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post #1 of 12 (permalink) Old 09-18-2009, 04:18 PM Thread Starter
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Default Hello from Calgary, Canada!

Hello everyone,

I'm a beginner. Found this forum trying to chose my first router.
Actually a need to make a groove 3/8 wide and 3/4 deep in oak.
Hope to get help from gurus.

Andrey
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post #2 of 12 (permalink) Old 09-18-2009, 04:22 PM
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Greetings Andrey and welcome to the router forum, glad to have you with us. We have several members from our northern neighbor I am sure they will be along soon to say howdy.

Wisdom: Where experience and knowledge combine and become one.

"We are all one decision away from Stupid!!"

Lamentations 3:22-23

"How often we sacrifice the permanent plans of God on the altar of immediate solutions"

I have a very good memory, just short is all.

Last edited by xplorx4; 09-18-2009 at 04:27 PM.
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post #3 of 12 (permalink) Old 09-18-2009, 04:36 PM
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Welcome to the forum Andrey. We hope you enjoy the time you spend with us.
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post #4 of 12 (permalink) Old 09-18-2009, 05:36 PM
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Quote:
Originally Posted by reyand View Post
Actually a need to make a groove 3/8 wide and 3/4 deep in oak.Andrey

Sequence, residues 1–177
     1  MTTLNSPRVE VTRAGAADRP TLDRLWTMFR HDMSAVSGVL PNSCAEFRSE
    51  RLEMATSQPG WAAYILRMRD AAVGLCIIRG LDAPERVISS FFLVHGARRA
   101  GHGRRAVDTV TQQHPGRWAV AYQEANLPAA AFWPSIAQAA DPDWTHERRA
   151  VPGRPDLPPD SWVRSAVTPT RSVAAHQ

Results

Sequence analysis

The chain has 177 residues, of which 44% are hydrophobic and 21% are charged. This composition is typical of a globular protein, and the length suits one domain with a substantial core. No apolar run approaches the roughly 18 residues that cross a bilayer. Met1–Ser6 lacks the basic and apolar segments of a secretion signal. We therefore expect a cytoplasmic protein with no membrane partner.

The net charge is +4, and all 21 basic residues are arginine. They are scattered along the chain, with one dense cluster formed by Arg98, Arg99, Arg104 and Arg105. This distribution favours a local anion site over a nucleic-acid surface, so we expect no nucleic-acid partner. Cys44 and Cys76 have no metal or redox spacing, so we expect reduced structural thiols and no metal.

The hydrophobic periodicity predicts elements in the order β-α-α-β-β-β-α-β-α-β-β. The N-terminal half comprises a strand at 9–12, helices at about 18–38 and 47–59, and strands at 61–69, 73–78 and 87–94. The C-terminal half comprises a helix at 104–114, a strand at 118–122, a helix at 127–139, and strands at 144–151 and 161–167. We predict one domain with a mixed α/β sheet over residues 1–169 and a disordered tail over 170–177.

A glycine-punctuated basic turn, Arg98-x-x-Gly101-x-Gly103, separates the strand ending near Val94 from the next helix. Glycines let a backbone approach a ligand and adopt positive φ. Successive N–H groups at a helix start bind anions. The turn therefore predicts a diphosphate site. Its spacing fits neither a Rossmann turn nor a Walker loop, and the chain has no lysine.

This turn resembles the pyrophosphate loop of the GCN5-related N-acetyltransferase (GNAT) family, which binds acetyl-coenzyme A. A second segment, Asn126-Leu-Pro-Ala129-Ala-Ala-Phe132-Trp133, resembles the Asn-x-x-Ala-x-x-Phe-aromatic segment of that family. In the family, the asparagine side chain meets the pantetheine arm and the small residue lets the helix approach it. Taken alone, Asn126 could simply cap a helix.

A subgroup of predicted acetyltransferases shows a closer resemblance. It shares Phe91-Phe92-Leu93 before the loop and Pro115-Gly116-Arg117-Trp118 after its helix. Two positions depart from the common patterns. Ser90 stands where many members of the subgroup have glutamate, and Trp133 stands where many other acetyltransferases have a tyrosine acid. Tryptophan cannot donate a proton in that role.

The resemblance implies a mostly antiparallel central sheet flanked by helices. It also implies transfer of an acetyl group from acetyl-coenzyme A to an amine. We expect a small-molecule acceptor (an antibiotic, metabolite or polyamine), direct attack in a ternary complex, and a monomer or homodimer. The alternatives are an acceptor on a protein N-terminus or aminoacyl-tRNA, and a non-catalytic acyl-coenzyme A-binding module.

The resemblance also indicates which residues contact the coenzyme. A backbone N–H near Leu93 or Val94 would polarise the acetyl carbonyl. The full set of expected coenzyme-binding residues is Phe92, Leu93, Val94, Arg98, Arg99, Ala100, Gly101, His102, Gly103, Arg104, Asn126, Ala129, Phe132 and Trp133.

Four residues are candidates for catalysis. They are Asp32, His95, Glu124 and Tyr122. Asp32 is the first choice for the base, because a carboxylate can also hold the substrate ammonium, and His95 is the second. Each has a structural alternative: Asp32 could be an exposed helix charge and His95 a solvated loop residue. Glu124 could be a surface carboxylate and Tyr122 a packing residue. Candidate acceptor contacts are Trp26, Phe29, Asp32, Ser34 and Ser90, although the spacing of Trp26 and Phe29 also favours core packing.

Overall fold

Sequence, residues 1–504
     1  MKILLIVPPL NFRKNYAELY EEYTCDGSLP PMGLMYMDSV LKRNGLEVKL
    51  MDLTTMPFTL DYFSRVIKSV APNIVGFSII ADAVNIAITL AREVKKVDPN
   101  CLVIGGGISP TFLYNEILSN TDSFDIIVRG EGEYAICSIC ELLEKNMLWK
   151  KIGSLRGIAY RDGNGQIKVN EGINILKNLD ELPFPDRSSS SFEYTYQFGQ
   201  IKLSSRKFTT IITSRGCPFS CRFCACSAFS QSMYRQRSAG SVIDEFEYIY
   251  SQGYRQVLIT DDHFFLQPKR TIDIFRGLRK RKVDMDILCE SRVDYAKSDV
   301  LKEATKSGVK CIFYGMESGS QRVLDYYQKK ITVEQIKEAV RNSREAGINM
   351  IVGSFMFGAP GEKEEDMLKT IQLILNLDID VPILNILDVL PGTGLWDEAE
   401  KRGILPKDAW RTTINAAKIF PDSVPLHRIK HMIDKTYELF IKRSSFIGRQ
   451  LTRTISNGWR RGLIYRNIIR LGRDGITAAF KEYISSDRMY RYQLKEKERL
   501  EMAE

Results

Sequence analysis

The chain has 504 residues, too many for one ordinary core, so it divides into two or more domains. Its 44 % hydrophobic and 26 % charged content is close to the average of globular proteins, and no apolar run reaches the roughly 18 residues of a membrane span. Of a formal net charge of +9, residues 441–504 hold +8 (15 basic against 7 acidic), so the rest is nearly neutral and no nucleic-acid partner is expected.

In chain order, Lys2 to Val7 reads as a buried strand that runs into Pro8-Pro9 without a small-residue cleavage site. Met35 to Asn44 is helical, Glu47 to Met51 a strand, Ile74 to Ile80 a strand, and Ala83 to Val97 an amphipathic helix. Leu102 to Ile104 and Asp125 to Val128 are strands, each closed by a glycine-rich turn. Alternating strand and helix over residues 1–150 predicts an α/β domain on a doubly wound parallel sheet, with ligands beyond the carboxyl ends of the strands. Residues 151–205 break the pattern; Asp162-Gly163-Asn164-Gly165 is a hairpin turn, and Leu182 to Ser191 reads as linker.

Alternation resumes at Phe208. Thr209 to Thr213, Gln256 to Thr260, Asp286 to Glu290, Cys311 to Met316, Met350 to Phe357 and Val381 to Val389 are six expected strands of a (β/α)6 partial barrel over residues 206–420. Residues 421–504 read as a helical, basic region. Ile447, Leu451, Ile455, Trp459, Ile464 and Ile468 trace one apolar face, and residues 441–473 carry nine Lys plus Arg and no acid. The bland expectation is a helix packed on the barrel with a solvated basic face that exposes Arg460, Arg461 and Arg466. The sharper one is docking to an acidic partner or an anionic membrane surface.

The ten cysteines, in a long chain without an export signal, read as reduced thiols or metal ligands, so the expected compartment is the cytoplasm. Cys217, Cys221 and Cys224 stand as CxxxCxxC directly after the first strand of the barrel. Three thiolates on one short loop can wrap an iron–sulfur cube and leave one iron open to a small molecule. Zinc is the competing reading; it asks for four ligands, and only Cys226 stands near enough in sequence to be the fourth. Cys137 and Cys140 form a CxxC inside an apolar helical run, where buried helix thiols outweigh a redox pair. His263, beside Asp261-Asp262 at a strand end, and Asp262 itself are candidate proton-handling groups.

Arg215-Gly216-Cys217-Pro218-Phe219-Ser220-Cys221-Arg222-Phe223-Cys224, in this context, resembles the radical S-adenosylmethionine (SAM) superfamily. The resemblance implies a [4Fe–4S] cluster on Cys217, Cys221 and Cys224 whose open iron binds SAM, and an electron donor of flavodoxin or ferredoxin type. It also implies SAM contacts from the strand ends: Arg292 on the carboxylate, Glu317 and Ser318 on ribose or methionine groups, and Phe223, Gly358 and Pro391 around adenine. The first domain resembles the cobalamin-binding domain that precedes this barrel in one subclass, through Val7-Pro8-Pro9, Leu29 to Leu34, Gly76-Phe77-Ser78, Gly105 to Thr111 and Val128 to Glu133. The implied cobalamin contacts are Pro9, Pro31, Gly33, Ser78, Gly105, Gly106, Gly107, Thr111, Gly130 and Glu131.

Hi Andrey:

table saw - multiple passes until you have the width you want
table saw with dado blade - one pass
router with flat bottom bit 3/8" wide using your straight edge guide with a stick of wood added to give it more support
router mounted in a table with the bit pointing up used with a fence and maybe featherboards
rabbeting plane or small shoulder plane used with supplementary fence to keep the cut straight
last resort -- sharp knife and a sharp chisel.

Practice any of the above before committing to cutting the rabbet in your workpiece.

Allthunbs
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post #5 of 12 (permalink) Old 09-18-2009, 06:16 PM Thread Starter
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Thank you Ron,

Handheld router! - It's why I'm here. But how powerful router do I need, what speed - actually I'm scary to chip a board. And I understand that training is everything, but I can train only on spruce (and this is a quite different song than oak).
Thanks again.
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post #6 of 12 (permalink) Old 09-18-2009, 06:51 PM
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Quote:
Originally Posted by reyand View Post
Thank you Ron,

Handheld router! - It's why I'm here. But how powerful router do I need, what speed - actually I'm scary to chip a board. And I understand that training is everything, but I can train only on spruce (and this is a quite different song than oak).
Thanks again.
Hi Andrey:

Ok. If you were going to be doing other work in oak over the years, I would definitely opt for a >3 HP plunge:

1. ½" chuck
2. 2 wrench collet
3. Variable speed (nice but close to useless <3HP, but mandatory >3HP)
4. plunge base
5. Soft start
6. Light weight but versatile and powerful.
7. 1¾" (1 ½" hole with a " shoulder) brass template guides (ideal but not likely)

This basically describes the Hitachi M12V and the Makita 3612. The Makita is nice right out of the box and requires little or no modification for table use. The Hitachi is my preference only because I couldn't afford the Makita at the time.